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Old 05-17-2019, 04:36 PM   #1
Cwazywazy
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Default Something ain't right (AC)

AC was open for a few months (No condenser installed) but recently I put in the condenser and a new drier. Pulled vacuum and it held for days so I tried to fill er up with Envirosafe. Low side took up to 70psi as usual, but the compressor wasn't kicking on. So I tried giving it a little jump to get it going at the drier switch. Compressor kicked on but absolutely nothing happened in terms of pressures.. See video.



So then I cracked open both valves on the AC manifold to let pressures even between high and low to see what would happen. Compressor kicks on by itself now but the pressures don't move a single PSI when it does.



I have no idea what's going on.. All the AC parts I'm using were working perfectly last year.

EDIT: I thought maybe the expansion valve was stuck open but if that was the case I think the high and low side would've evened out when I put AC juice into the low side. I replaced the valve like 2 years ago IIRC. If it was stuck closed I think the compressor would suck everything out of the low side and pump it into the high.. I dunno. Help.
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Old 05-17-2019, 07:34 PM   #2
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Being from CT You probably never heard of a dirt dobber.

They are little black wasp that kill spiders and put them and an egg and seal it with mud in any and all small orifices that they can find. They come in various sizes and seek various sized holes. Someone from the South would never leave anything like an AC system open for even a day in the summer.

The set of small sockets on the work bench has to be cleaned out often.

If I make the assumption that the compressor clutch is engaged then something is blocking the system between the low charge port and the compressor high side port. That would be the compressor.
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Old 05-17-2019, 08:57 PM   #3
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I had the lines duct taped pretty well so I doubt anything other than moisture got into the system.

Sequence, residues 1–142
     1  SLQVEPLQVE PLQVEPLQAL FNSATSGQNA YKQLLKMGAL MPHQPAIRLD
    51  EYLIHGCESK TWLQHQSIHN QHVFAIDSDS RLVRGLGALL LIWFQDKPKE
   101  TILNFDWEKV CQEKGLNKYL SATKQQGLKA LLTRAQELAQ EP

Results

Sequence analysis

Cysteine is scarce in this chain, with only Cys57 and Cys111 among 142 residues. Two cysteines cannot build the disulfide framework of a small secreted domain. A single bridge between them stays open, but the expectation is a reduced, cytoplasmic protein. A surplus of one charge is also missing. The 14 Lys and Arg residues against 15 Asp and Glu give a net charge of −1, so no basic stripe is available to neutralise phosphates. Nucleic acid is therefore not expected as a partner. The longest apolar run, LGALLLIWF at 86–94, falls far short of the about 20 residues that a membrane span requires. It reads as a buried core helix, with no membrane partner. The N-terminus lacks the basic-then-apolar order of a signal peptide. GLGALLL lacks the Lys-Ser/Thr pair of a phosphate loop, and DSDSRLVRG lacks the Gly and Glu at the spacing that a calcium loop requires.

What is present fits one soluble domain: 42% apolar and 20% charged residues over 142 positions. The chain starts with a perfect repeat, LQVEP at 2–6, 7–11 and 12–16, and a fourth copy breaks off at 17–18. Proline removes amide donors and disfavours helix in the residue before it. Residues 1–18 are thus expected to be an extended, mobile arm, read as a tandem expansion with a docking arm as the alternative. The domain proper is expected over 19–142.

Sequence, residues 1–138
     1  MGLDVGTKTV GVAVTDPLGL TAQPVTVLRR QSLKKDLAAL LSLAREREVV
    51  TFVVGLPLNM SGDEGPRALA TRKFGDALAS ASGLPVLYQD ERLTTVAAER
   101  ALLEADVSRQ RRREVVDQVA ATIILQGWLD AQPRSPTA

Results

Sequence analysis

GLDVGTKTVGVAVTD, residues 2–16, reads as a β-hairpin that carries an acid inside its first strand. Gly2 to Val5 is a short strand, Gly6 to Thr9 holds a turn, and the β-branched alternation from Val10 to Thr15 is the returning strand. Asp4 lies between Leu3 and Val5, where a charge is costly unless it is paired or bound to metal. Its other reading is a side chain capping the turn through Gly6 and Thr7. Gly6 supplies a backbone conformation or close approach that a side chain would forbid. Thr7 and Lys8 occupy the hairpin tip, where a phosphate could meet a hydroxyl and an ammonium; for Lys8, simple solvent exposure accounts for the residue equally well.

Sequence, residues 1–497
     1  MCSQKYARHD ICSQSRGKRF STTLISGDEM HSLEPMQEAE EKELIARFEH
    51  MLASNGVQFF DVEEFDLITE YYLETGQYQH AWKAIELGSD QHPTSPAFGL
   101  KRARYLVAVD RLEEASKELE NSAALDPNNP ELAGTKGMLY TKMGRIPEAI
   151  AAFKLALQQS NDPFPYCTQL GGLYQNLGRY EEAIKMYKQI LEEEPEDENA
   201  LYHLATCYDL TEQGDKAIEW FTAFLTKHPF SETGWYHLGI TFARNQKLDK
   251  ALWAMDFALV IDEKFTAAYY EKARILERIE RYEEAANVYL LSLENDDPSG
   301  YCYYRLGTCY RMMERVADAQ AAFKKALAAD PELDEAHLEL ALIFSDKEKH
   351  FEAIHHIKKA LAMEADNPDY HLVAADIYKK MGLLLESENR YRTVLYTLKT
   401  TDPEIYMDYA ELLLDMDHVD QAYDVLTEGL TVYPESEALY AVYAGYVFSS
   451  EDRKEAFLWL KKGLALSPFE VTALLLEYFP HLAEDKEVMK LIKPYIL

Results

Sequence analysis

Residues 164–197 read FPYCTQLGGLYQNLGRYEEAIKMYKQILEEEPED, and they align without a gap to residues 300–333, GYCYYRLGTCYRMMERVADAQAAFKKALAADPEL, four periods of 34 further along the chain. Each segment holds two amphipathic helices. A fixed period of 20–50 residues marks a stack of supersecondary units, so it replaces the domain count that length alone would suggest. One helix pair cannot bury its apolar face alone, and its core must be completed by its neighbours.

Also I gave the expansion valve a few tappy tap taps and then the system drank a full charge of Envirosafe. (14oz.) So, percussive maintenance for the win.

EDIT: I spoke too soon. One of the connections on the compressor worked loose and blew the charge while driving. Wasn't even running the AC.

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Old 05-17-2019, 10:08 PM   #4
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How much refrigerant did you put into the system? Is it possible that the refrigerant never actually went into the system and just stayed in the low side hose? I would verify the connections are working on the a/c manifold set. Ideally you want to charge through the high side hose with the engine off and use a scale to verify the amount of refrigerant you added. This way you can verify that the expansion valve is not restricted, because the low side psi will equalize with the high side as you charge the system.
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Old 05-17-2019, 10:38 PM   #5
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I gave it 14 oz of the Envirosafe stuff. 6oz Envirosafe = 16oz r134a. I don't remember what a 240 AC system takes but I did some napkin math and 14.1oz is exactly how much Envirosafe it gets. A bit over 2 cans worth. I used a kitchen scale to measure it out. Vent temps got down to about 45. I think I'm gonna open up the expansion valve and check all the other fittings before I try charging it again.
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Old 05-18-2019, 01:42 PM   #6
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A 240 takes 1.63 lbs of R134.

I looked at the Envirosafe site and can't find any info on how much Envirosafe equals how much R134. Where do you find that?